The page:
Vesper

A little over a week ago, I won two tickets to a movie at the Fountain Theatre in Mesilla, New Mexico. This felt like something of a big deal, since neither my wife nor I had been to a movie theater since the beginning of the COVID-19 pandemic. The Fountain Theatre is a small venue run by the Mesilla Valley Film Society and is known for showing foreign and indie releases. It’s called the Fountain Theatre because the building was purchased by Albert Fountain Jr. in 1905. Back in those days, the theater put on plays, light opera, and vaudeville performances. The Fountain family sold the building to Vincent Guerra in 1929 and that’s when they began to show movies. Guerra had to relinquish the building back to the Fountain family in 1938. The Mesilla Valley Film Society began renting the building in 1989 as a venue to show foreign, alternative, and indie films.

The film my wife and I won tickets for was Vesper. Directed by Kristina Buožytė and Bruno Samper, it’s a French-Lithuanian-Belgian film set in a post-apocalyptic world where people had attempted to avert disaster by growing genetically modified crops. Things went horribly wrong and most animal life died and the planet is dominated by dangerous plants. Society’s elite live in citadels and trade viable food seeds with the stragglers in the wider world for items they need. The film’s title character, played by Rafiella Chapman, lives in an old house with her father who had been injured in battle. He can see and hear through a floating drone that accompanies Vesper out into the world. On one of Vesper’s trips, she finds Carmellia, played by Rosy McEwen, who survived an aircraft crash. Vesper brings her back to the house and nurses her back to health. Carmellia heals surprisingly quickly.

Vesper’s uncle Jonas, played by Eddie Marsan, lives on a nearby homestead with a number of children. He harvests blood to trade with the citadels in exchange for seeds. We soon learn that Jonas is not an uncle to be relied on. He’s mercenary and has less-than-platonic interest in his niece. When he finds Carmellia’s wrecked aircraft, he quickly kills Carmellia’s father and scavenges the craft instead of calling the citadels for help. It’s a dark world and there’s no obvious path to making it better. Aspects of the story reminded me of a more rural take on Yukito Kishiro’s Battle Angel Alita. Of course, our title character is Vesper, and like a twilight prayer, she might hold hope for a better future. Overall, this was a great film to lure me back out to the theater. You can learn more about the movie and find places to stream it at: https://www.vespermovie.com/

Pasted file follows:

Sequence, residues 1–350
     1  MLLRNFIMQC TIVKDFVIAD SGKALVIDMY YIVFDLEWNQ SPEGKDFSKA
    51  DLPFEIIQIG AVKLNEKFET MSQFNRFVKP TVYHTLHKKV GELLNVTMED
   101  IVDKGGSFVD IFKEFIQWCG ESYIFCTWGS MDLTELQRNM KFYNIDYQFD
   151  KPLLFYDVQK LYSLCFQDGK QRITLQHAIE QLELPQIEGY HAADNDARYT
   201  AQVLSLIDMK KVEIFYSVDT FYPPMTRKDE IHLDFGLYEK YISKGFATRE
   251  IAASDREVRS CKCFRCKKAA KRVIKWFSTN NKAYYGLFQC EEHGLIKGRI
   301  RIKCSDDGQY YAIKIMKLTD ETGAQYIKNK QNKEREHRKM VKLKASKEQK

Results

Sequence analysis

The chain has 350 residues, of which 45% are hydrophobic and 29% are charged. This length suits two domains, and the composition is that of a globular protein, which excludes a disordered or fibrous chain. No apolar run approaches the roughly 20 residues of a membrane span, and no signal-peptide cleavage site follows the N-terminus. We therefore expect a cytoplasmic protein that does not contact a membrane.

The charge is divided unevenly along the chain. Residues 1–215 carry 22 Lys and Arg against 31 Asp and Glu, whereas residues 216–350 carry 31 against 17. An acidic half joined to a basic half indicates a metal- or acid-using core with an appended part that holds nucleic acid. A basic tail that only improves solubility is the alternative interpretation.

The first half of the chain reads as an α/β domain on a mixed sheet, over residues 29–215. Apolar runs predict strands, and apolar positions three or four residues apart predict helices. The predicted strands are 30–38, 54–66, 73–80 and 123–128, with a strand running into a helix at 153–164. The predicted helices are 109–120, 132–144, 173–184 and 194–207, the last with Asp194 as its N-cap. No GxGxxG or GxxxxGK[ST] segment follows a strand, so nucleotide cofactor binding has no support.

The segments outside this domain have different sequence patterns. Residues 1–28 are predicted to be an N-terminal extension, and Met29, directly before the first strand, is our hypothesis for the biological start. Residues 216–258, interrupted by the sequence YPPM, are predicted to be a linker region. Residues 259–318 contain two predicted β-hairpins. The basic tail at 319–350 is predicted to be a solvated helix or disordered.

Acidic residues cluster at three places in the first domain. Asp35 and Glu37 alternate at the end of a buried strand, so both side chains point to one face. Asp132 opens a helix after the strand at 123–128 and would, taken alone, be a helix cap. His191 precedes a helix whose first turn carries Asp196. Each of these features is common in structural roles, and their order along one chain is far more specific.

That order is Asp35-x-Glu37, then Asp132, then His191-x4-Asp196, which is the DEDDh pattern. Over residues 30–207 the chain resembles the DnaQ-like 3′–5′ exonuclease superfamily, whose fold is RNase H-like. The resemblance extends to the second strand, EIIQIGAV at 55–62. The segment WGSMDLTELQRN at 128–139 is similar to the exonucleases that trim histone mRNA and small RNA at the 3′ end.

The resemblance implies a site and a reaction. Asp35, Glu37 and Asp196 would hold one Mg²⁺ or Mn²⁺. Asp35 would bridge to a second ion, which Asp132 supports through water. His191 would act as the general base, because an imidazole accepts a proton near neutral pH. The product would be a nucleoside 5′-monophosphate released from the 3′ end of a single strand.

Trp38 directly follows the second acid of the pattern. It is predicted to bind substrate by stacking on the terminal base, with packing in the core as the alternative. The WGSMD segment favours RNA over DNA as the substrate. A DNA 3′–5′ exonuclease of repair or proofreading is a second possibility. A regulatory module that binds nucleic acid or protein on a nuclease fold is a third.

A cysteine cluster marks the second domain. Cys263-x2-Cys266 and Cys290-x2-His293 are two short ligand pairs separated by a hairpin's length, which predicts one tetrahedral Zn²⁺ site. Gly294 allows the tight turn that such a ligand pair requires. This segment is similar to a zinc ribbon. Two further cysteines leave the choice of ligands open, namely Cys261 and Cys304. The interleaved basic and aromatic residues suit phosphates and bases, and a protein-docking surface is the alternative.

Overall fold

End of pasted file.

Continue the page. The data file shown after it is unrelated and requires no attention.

In general, I’m delighted to see that the Mesilla Valley Film Society is still operating and showing great films. If the theater’s 1905 owner, Albert Fountain Jr. sounds familiar to my readers, he should. His father, Albert Jennings Fountain appears as a character in my novel The Brazen Shark, where he serves as defense attorney to Billy McCarty and Luther Duncan. Also, Albert Fountain and his son Henry are the title characters in my story “Fountains of Blood” which appears in the anthology Straight Outta Tombstone. As always, you can learn more about my writing by visiting http://www.davidleesummers.com

11 comments on “Vesper

  1. Synchronistically enough, I just finished helping with a written piece that touches on some similar themes to those in *Vesper*.

    It’s fun knowing a theatre’s history. I once lived in an area that also had a play/musical theatre converted before I was born to a movie theater. As a journalist, I once got to attend a free showing of a major motion picture there–*Gone with the Wind*. I didn’t think I’d ever see the 1939 classic on the big screen!

    In regard to your attorney character, I do often wonder what inspires character creation by other authors, so find that interesting. Ordinarily, I avoid modeling characters after real, living people–except when they ask me to! (And then I make sure they approve the final product).

    • The theater is a fascinating place and I love many of the movies they show. I was glad for a prompt to go back after far too long away.

      Just to note, Albert Fountain, the attorney I based my character on died almost a century before I was born. So, he wasn’t a real, living character in the sense that he’s alive now. He’s a historical character, in much the same vein as other famous, historical figures who have appeared in my work such as Percival Lowell or Theodore Roosevelt. In fact, his death is one of New Mexico’s famous unsolved mysteries!

      • My apologies if my post was unclear. I did understand Albert Fountain was a historical figure, although I have to admit my knowledge of New Mexico history is virtually nil!

      • No worries. Yes, if Albert Fountain were still alive, I would have definitely asked his permission before using him in a story. However, as it turns out, there’s a grave marker for him at the cemetery behind my house. It’s that marker, which marks an empty grave, which inspired my story in the anthology Straight Outta Tombstone.

  2. Willow Croft says:

    Do the plants win? 🙂 *laugh*

  3. Willow Croft says:

    If I pop back to NM for a visit, I gotta see this…is the original interior fairly intact? (I have a family member who restored a few historic theatres.)

  4. It’s so cool to go to a movie in a historic theater. I know you had a great time!

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